We know that in a prospective study of breast cancer patients who had radiation therapy, "The group of patients that received radiation therapy only presented a more rapid decrease of total number of lymphocytes (part of your immune system) concerning the decrease observed in the group that underwent chemotherapy and radiation therapy."
(See Koyokoyrakis G et al, Post-Surgical Irradiation Causes Cellular Immune Suppression in Patients with Breast Cancer, Eur J cancer Care, 2009.)
SPECIFIC SKIN PROBLEMS FROM RADIATION THERAPY -EXCERPTS -www.webmed.com
External Beam Radiation
"Radiation passes through your skin, which can become red, swollen, warm, and sensitive -- as if you had a sunburn. It may peel or become moist and tender. Depending on the dose, you may lose hair or sweat less where you've been treated. These skin reactions are common and short-term. They usually go away gradually within 4 to 6 weeks after your last treatment. Tell your doctor or nurse if you see skin changes outside the treated area. Long-term side effects can last beyond a year after treatment. They may include a slight darkening of your skin, enlarged pores on your breast, more or less sensitive skin, thickening of breast tissue or skin, and a change in the size of the breast. A rare complication of radiation is getting a new cancer or tumor where the radiation is given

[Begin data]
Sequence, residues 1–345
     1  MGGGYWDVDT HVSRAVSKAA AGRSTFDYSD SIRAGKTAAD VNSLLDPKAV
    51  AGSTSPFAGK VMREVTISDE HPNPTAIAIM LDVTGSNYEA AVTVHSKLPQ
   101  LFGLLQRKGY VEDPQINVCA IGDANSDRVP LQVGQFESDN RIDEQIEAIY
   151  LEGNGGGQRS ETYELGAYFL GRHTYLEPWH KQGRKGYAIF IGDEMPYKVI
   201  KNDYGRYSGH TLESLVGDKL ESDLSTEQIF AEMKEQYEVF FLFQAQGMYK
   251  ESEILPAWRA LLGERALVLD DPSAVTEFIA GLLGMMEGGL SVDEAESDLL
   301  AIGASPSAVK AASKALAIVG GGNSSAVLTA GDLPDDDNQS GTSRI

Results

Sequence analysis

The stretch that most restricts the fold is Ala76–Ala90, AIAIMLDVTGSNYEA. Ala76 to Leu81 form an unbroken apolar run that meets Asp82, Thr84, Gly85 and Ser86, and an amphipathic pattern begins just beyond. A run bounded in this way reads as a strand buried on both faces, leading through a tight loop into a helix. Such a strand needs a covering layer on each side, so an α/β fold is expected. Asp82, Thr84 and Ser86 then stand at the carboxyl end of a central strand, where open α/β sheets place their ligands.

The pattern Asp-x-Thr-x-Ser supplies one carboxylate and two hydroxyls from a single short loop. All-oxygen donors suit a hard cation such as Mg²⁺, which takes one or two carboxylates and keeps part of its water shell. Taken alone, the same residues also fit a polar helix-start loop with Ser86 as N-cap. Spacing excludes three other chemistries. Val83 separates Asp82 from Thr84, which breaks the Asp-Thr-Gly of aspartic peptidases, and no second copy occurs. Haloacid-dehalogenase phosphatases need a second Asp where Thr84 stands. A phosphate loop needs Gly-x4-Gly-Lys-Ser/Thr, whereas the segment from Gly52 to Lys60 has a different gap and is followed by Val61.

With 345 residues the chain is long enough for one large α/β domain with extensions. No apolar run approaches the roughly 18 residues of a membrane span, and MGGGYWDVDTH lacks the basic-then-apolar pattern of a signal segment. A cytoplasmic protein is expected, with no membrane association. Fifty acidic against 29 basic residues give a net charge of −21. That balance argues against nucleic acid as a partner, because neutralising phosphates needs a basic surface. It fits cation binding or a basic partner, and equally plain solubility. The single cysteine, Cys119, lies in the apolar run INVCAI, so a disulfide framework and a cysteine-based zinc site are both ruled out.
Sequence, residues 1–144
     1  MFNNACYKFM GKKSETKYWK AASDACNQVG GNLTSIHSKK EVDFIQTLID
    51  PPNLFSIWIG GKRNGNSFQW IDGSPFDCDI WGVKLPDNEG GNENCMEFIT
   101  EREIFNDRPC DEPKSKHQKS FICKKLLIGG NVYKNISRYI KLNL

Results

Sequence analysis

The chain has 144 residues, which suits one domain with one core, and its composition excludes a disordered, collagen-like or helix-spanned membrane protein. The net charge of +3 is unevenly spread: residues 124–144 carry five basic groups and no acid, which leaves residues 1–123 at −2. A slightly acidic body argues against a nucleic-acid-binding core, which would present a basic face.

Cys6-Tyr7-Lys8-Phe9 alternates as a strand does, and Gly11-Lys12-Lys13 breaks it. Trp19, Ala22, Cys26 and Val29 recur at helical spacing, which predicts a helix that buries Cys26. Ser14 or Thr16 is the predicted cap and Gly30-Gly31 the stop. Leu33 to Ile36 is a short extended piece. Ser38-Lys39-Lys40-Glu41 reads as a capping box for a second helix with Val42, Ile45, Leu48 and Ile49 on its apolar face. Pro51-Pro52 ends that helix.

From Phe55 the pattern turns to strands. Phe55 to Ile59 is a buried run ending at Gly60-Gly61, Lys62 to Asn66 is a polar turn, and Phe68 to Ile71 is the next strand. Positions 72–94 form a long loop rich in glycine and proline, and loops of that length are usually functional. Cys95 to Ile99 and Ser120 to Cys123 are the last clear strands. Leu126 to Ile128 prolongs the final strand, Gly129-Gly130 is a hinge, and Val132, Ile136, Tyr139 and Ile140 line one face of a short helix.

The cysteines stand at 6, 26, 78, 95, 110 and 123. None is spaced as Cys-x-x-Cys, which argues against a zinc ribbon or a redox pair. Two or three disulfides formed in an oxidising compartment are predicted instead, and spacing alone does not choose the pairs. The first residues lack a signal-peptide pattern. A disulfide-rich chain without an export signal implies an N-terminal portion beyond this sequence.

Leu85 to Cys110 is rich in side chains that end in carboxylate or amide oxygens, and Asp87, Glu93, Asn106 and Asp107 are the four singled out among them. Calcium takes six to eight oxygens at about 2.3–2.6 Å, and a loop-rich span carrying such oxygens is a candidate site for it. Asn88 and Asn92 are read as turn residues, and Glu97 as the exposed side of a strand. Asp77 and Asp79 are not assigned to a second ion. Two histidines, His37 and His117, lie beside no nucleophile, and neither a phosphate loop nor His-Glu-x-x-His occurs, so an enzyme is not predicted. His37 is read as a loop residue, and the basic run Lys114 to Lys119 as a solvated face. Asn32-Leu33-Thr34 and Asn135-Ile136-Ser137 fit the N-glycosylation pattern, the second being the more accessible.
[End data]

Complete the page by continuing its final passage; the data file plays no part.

Radioactive seeds or pellets as small as grains of rice are placed inside the breast, near the cancer. Whether this treatment might be right for you will depend on your tumor’s size, location, and other things. The side effects include redness, bruising, breast pain, infection, weakness, and an increased risk of fractured ribs. Brachytherapy can be used alone or with external beam radiation."
HOW ABOUT HEART DAMAGE AFTER RADIATION THERAPY? AT RISK FOR HEART DISEASE? RIGHT SIDE OR LEFT SIDE RADIATION? POSITION?
Highest cardiac risks after breast cancer radiation? Supine positioning during left-sided radiation.
Reducing risk? Prone positioning.
In a 2014 study, Brenner DJ et al. stated, "Estimated lifetime risks of major coronary events for patients who receive radiotherapy for breast cancer are now in the range from 0.05% to 3.5%, with a typical value of 0.3% for a typical scenario."
Highest cardiac risks after radiation? Supine positioning during left-sided radiation.
Reducing risk? Prone positioning.
Right-sided radiation therapy? "For right-sided radiotherapy, where the heart is always out of field, cardiac doses and risks are smaller, and prone versus supine positioning has little effect, although prone position radiotherapy does reduce ipsilateral lung doses and thus reduces potential second lung cancer risks."
Multiplicative risks? For radiation exposure relative to cardiac disease, "the highest absolute radiation exposure risks correspond to the highest baselines cardiac risk (from smoking, etc.)"
(See Brenner DJ et al., Risk and Risk Reduction of major Coronary Events Associated with Contemporary Breast Radiotherapy, JAMA Internal Medicine, 2014.)
Why Does Radiation Cause Cardiac Abnormalities?
"There are several common pathways involved in the development of radiation-induced heart disease, including microvascular damage, inflammation, and fibrosis, although other pathways contribute. The interaction of multiple biochemical markers and cytokines, such as TGF-B and interleukins, drive a significant portion of chronic inflammation and late fibrosis."